Launching with fully optimized listings is important when trying to make a splash. Your launch needs to be firing on all cylinders. This entails refraining from launching new SKUs that aren’t fully enhanced and ready. Producing a half-baked version only slows down the algorithm’s learning momentum. A common occurrence is brands sitting on inventory, wanting to launch even though they aren’t fully ready. It hurts to sit on inventory, but you only get one chance at a first impression, and one chance at a solid launch with the Amazon algorithm. It is crucial to take the time to build out a full set of images, videos, A+ content, etc. to ensure a successful debut.

Once content is built, brands need to think about how it's being distributed. Advertising campaigns can be costly and in some cases aren’t always necessary. Here’s a tip: give a timeframe for your new SKU to work organically. If the product is doing well, you may not want to invest as much money into ads from the jump. Create a balance between which campaigns you put large momentum and spend behind and those you don’t. The choice should be calculated, and evidence-based.

“New launches take time to reach full profitability. When you first launch a new product and you’re trying to get it in a brick and mortar, a lot of times you pay a “slotting fee”. There’s an upfront cost to get it launched and to prove it – and that’s what you’re doing with Amazon, but you’re proving it to an algorithm. With no history, you need to show [the algorithm] it’s a good product that should be shown more. The only way to do that is to invest in it to get it going.” - Liz LaVallee, VP Client Growth – Avenue 7 Media
How Much Should Be Spent?

Initial spending should be very thoughtful and distributed across lots of potential keyword targets and advertisement types to find the highest converting results. Then, double-down to increase conversion rate and sales rate as you slowly expand the ad assortment which should include exceptional content and images.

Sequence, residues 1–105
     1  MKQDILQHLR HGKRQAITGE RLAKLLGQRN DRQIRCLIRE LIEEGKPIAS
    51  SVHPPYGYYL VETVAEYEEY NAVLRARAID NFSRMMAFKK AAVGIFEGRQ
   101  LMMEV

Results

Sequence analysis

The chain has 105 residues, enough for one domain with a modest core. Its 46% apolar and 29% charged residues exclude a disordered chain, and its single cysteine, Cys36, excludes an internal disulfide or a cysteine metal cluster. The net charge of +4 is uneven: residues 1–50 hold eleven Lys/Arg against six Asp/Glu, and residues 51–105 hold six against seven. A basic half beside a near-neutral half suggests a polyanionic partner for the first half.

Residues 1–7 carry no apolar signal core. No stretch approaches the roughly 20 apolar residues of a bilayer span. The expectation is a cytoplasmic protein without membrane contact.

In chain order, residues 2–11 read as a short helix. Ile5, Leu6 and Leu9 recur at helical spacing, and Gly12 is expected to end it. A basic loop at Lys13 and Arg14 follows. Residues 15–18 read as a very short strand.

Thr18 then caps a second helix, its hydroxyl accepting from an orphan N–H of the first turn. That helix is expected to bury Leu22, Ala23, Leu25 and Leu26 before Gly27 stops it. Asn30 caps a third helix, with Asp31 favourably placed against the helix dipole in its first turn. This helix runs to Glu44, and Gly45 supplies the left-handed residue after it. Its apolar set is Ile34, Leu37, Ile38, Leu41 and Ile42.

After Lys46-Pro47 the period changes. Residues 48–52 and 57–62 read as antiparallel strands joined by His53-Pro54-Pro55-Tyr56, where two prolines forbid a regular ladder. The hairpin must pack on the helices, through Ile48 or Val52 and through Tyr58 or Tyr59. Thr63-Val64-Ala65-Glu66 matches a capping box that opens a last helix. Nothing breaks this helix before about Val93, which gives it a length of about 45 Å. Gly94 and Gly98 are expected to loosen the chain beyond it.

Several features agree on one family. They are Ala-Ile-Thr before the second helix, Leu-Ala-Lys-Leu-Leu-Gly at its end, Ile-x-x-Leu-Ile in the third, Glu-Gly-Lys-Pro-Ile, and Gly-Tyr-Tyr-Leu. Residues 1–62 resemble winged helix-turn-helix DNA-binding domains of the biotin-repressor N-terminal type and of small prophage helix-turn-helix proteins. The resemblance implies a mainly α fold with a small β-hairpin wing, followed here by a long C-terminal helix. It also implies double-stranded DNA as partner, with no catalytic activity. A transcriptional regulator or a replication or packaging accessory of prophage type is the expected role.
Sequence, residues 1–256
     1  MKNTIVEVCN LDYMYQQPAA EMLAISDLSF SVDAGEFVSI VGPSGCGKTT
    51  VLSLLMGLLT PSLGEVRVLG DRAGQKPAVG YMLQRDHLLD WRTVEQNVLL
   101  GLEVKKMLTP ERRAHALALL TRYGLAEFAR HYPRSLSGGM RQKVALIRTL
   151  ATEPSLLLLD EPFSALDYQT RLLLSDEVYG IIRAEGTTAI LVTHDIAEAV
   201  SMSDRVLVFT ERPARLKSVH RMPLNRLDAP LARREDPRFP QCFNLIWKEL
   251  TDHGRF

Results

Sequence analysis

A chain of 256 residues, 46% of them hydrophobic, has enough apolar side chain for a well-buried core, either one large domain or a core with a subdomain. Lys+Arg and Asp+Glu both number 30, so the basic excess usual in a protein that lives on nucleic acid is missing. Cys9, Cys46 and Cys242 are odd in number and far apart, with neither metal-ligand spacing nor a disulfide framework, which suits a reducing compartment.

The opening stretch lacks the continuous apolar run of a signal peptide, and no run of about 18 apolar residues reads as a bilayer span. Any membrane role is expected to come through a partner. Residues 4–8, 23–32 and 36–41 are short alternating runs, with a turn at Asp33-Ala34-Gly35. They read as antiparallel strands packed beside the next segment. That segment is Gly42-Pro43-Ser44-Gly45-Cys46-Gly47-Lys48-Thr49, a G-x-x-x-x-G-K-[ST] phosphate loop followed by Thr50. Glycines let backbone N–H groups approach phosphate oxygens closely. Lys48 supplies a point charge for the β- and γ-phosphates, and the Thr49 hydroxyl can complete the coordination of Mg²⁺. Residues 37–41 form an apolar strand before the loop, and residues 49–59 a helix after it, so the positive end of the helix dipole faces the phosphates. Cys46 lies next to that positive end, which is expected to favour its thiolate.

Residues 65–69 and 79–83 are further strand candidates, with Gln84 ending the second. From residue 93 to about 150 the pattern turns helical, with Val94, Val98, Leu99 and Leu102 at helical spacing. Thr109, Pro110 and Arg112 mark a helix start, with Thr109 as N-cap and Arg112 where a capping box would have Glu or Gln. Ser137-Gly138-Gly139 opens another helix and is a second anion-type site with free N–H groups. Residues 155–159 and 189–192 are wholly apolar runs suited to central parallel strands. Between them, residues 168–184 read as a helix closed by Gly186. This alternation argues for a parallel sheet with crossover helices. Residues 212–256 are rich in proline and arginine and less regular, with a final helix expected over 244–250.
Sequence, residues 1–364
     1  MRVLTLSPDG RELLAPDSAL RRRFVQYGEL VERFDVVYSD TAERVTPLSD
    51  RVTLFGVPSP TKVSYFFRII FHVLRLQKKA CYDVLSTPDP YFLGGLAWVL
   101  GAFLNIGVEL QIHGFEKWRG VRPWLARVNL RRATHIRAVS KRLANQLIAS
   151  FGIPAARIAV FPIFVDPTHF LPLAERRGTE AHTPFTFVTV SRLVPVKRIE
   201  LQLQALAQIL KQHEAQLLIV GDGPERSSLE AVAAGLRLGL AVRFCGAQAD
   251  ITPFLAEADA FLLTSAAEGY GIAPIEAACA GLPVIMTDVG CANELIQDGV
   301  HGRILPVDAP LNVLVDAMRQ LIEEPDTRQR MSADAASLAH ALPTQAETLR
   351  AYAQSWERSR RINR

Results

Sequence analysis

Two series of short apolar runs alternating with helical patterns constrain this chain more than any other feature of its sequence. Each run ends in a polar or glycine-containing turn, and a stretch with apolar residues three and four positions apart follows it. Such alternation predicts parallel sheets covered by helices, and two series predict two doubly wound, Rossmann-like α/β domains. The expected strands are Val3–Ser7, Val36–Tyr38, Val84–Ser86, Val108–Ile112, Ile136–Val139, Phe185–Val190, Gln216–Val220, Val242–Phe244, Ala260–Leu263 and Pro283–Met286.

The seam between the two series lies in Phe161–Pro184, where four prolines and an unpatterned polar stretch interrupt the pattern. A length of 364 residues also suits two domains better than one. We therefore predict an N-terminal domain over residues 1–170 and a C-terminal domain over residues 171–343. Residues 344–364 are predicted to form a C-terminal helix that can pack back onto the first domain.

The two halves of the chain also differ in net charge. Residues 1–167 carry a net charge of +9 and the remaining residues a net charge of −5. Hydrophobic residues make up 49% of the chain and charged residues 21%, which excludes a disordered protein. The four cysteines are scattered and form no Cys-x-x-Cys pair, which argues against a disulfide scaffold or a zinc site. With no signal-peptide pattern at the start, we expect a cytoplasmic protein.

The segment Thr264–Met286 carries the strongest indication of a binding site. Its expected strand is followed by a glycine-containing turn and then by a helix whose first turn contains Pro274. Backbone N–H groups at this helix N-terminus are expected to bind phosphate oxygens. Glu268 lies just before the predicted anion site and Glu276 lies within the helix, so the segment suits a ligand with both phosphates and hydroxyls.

“The amount you choose to start spending is calculated mostly by a combination of AOV and GMV (Gross Merchandise Value). For products that aren’t expected to generate repeat purchases, and have a normal range or competition, you should expect to spend 10%-15% of the item’s GMV for the first 12 months (15% for lower AOV and 10% for higher AOV). You would then decrease that to 5-10% of GMV (10% for lower AOV and 5% for higher AOV) after maturity. For more competitive categories/subcategories and/or where you can expect repeat purchases, 20-25% of GMV initially and 10-15% GMV at maturity would suffice. “ - Joseph Hansen, Founder & Entrepreneur

Note that these rough calculations reference investing in the product itself. From an ads and marketing perspective, the rule of thumb is often investing 10% of sales back into advertising to further propel your launch. However, you may also find that much of the Amazon seller community sometimes invests upwards of 30-50%.

If you don’t have access to AOV or LTV for these calculations, an alternative is using TACoS (Total Advertising Cost of Sale) as a guideline. This is a metric found on Amazon used to measure ad spend relative to an Amazon seller’s total sales revenue, including ad sales and organic sales. Because your ad campaign performance is directly correlated to your overall organic sales, TACoS provides a fairly accurate representation of your Amazon business performance allowing you to better judge how your investments should be made.

Getting Reviews

Once your new SKU is planned, optimized, and launched, it’s time to start bringing in reviews to help increase sales and BSR (Best Seller Rank). Often the best course of action revolves around ensuring your creator or influencer content is top-notch to get those first round of reviews coming in. If that is in place, you may naturally start to receive more conversions. More conversions create more reviews, and the cycle continues.